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From Flint, MI to Latur, India- How accountability can aid sustainable water management

May 3, 2016

Berlin-based Water Integrity Network (WIN) released a report in March on global water and sanitation status equivalent to the Panama Papers, wherein they allege that universal access to water and sanitation requires more transparency and accountability.

Clean, safe water will remain out of reach for more than a billion people and billions of investment dollars will be lost if government leaders, utilities, and investors do not stem corruption in the global water industry, says the report.

Awareness about the misconduct that affects

  • water delivery systems,
  • infrastructure projects, and
  • policy

has grown over the past decade, but there is little indication that levels of corruption have declined, the report found.

Moreover, corruption occurs at all levels of government and in private businesses. It can take many forms, from bribes paid to acquire water service, to lax enforcement of pollution laws, to the misuse of funds earmarked for water system improvements.

Children, women and poor are the most vulnerable groups when it comes to bearing the brunt of lack of transparency and inadequate water quantity and quality.

India has more than 300 million people, who lack access to potable water and sanitation services. The recent crisis in Latur, in the western Indian state of Maharashtra, has caught everyone’s attention.  In the US, hundreds and thousands of children are prone to water borne diseases in the states of MI and NJ, all thanks to our aging infrastructure.

“A major area of concern is in the planning and construction of infrastructure, much of which is vitally needed to provide water services, irrigation and hydropower for millions of people,” says the author. “However, small- and large-scale projects alike require careful scrutiny in their planning and delivery. In some cases data has been misused to justify the construction of prestige projects that never achieve their aims or value for money. In other cases communities displaced by large-scale dams have been cheated out of their compensation. In a project in Pakistan, it is estimated that 80 per cent of compensation went to bogus owners.” In Nepal, a recent report stated that one year ago, the first of two massive earthquakes ripped through, killing more than 8,000 people. Some $4 billion of assistance was pledged to the rebuilding effort, but political gridlock and corruption have left the displaced survivors to largely fend for themselves. WASH is one of the prominent issues facing the effected population.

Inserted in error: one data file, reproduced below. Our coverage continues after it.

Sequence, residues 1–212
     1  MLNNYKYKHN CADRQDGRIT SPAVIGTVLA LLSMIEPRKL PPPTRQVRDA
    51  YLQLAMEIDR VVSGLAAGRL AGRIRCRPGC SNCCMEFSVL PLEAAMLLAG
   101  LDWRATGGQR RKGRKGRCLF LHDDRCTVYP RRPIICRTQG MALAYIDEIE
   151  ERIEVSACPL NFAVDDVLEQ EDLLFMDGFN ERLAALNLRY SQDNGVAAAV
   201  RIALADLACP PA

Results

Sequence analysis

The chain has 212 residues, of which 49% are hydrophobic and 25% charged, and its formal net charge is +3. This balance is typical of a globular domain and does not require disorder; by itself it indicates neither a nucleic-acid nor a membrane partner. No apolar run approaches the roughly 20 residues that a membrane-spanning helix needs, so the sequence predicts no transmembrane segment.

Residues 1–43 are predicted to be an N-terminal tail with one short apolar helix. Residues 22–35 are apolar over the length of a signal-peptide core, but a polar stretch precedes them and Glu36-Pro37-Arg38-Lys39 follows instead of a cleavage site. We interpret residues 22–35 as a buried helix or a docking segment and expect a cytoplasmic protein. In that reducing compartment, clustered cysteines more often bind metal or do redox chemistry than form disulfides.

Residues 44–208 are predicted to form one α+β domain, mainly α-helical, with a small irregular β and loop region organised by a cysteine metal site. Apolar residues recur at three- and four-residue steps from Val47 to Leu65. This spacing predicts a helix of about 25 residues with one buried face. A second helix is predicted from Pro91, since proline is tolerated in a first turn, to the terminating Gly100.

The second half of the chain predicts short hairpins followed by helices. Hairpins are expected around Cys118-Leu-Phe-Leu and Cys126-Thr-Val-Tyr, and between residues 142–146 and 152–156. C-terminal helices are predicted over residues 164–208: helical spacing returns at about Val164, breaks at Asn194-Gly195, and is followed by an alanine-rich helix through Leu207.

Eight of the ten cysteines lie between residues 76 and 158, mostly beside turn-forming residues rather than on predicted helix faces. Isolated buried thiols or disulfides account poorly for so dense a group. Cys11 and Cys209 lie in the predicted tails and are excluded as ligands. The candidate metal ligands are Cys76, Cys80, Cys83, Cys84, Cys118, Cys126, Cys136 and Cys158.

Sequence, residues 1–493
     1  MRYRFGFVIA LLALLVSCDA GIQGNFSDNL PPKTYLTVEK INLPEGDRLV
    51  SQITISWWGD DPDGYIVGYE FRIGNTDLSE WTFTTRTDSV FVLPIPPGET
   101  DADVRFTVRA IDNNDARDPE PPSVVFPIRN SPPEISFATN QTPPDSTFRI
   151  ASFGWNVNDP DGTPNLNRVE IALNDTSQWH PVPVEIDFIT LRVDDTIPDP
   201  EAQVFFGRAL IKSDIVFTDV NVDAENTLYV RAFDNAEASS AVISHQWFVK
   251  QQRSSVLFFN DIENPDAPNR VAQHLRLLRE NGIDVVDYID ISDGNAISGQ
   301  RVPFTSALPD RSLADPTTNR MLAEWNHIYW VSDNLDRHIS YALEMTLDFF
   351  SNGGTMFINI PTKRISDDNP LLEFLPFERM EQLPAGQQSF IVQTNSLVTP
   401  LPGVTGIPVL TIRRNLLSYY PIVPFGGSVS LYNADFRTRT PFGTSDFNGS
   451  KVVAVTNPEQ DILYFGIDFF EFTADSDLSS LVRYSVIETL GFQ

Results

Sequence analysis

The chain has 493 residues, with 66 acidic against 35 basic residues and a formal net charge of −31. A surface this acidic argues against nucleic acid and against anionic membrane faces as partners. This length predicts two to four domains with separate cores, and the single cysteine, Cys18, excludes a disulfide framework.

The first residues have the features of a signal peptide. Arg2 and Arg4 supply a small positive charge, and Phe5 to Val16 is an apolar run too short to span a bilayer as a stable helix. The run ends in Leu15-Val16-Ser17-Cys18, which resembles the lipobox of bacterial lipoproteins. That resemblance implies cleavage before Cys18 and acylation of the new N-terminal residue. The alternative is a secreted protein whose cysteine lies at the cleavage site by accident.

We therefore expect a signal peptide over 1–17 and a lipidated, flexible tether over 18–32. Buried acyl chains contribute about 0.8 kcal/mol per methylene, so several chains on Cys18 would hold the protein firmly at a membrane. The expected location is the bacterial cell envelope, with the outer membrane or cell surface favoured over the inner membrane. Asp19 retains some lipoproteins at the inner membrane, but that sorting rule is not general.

Some international development organizations and businesses have already taken steps to reduce corruption in the projects that they finance or construct.  To bridge the gap, the report offers three recommendations:

1. Coordinate and involve all branches of civil society, the private sector, legislators, regulators, the judicial system, and prominent political and institutional leaders to reform water governance and commit to reducing corruption.

2. Collect data on the extent of existing corruption, as well as on the economic and social consequences of that corruption.

3. Develop transparency, hold decision makers accountable, include all relevant parties in decisions about water projects, and strengthen laws and regulations against corruption.

“We now know what the issues are in relation to corruption in the water sector,” the report concludes. “These need to be addressed systematically, politically, professionally – and urgently. The time has come to act. We must no longer allow corruption to flourish and integrity to be undermined.”

This article has been adapted from the original article that was published in the circle of blue.
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